Agnew’s Angle: Top players will miss out

Asafo Aumua is one of three remarkable players from the NZ U20s to look out for in the Mitre 10 champs this year. Photo: YouTube

“Many are called but few are chosen,” is a biblical quote that will apply to tomorrow’s selection of the All Blacks to play the British and Irish Lions.

There has never been such depth of backline talent where established stars are being challenged by young guns Damian McKenzie, Jordie Barrett, Rieko Ioane, Ngani Laumape and Vince Aso.

While selectors Steve Hansen, Ian Foster and Grant Fox have generally remained loyal to the old guard, their gamble on exciting new wing Nehe Milner-Skudder paid a rich dividend at the 2015 Rugby World Cup.

So did their decision last year to convert super sub utility Beauden Barrett into a superstar first-five and introduce centre Anton Lienert-Brown to test rugby outside Ryan Crotty.

Whereas Lienert-Brown was the find of 2016, Jordie Barrett looks set to take over that mantle this year following his outstanding Super Rugby form at fullback for the Hurricanes.
Although Ben Smith remains the world’s best fullback, when it comes to razzle dazzle there’s none better than the 80kg McKenzie who outshone gifted Wallaby international Israel Folau last weekend when the Chiefs beat the Waratahs 46-31.

So involved was the mercurial McKenzie, whether running from fullback or taking the ball as first receiver, there appeared to be three of him on the field.

While he is sometimes too adventuresome in venturing where angels fear to tread, his risks more often than not reap rich rewards from which team-mates profit.

With Aaron Cruden moving to France, McKenzie is likely to revert back to his favoured first-five berth next year.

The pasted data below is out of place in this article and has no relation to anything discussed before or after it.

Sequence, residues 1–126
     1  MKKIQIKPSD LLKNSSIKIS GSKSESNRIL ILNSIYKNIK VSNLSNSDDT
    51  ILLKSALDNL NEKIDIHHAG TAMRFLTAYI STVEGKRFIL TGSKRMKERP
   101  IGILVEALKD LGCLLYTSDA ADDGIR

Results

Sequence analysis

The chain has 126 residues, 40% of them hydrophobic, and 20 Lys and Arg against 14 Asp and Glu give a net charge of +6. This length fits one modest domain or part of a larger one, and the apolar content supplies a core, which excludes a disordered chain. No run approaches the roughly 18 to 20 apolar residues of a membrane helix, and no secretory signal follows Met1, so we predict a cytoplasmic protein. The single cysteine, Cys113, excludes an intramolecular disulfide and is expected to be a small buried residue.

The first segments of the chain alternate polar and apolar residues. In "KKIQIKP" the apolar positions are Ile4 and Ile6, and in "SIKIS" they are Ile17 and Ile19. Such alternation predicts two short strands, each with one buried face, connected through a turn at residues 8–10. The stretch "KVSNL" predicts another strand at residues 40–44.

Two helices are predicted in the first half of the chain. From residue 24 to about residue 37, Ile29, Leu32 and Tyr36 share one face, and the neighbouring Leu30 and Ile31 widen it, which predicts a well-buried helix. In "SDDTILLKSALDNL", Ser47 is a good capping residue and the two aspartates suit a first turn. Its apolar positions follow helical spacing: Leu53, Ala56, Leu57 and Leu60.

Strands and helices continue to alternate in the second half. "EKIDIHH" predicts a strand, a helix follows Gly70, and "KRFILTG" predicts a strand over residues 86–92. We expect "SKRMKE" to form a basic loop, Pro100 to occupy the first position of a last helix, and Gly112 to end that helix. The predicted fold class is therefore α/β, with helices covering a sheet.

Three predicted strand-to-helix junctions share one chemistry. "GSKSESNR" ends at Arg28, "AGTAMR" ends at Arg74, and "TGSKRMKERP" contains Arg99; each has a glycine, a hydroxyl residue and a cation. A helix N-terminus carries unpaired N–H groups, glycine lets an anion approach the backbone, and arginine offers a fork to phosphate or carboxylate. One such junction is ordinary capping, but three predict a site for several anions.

While second-five remains Jordie Barrett’s favourite position, the Hurricanes are happy to keep him at fullback, especially with Laumape forming such a lethal midfield combination with Aso.

That pair has each scored a competition high 14 tries, four more than next best, Rieko Ioane and James Lowe, on 10. If that doesn’t give the selectors food for thought, I don’t know what will.

However, with Sonny Bill Williams an old favourite, Malakai Fekitoa returning to top form and Ryan Crotty maintaining his high standard until crocking his ribs in the Crusaders’ last game, breaking into the squad won’t be easy for new chums.

Unlike most critics, I wouldn’t be too critical about the jet-lagged Lions 13-7 tour opener against the gallant Barbarians team of semi-professionals and amateurs.

Six Nations form showed they are much better than that, though credit to the Barbarians for their gutsy display with first-five Bryn Gatland directing play so intelligently against the British and Irish Goliaths coached by his father, Warren.

Good as it was, it wasn’t good enough to persuade Blues coach Tana Umaga to pick him ahead of young talent Stephen Perofeta for his team’s eagerly awaited clash against the Lions at Eden Park.

With the Times deadline demanding this column be penned before that game, it was an important fixture which offered each side a chance to regain respect.

Despite lying fifth and last among the NZ Super Rugby teams, the Blues are not a bad team, having lost just once to an outside combination. Still it was a shame Rene Ranger and Melani Nanai didn’t get a start against the Lions. Ranger scored a sharp try against the Waratahs and his offloads were superior to any other centre tried by the Blues this season.

  • Ivan Agnew is an award-winning sports writer and author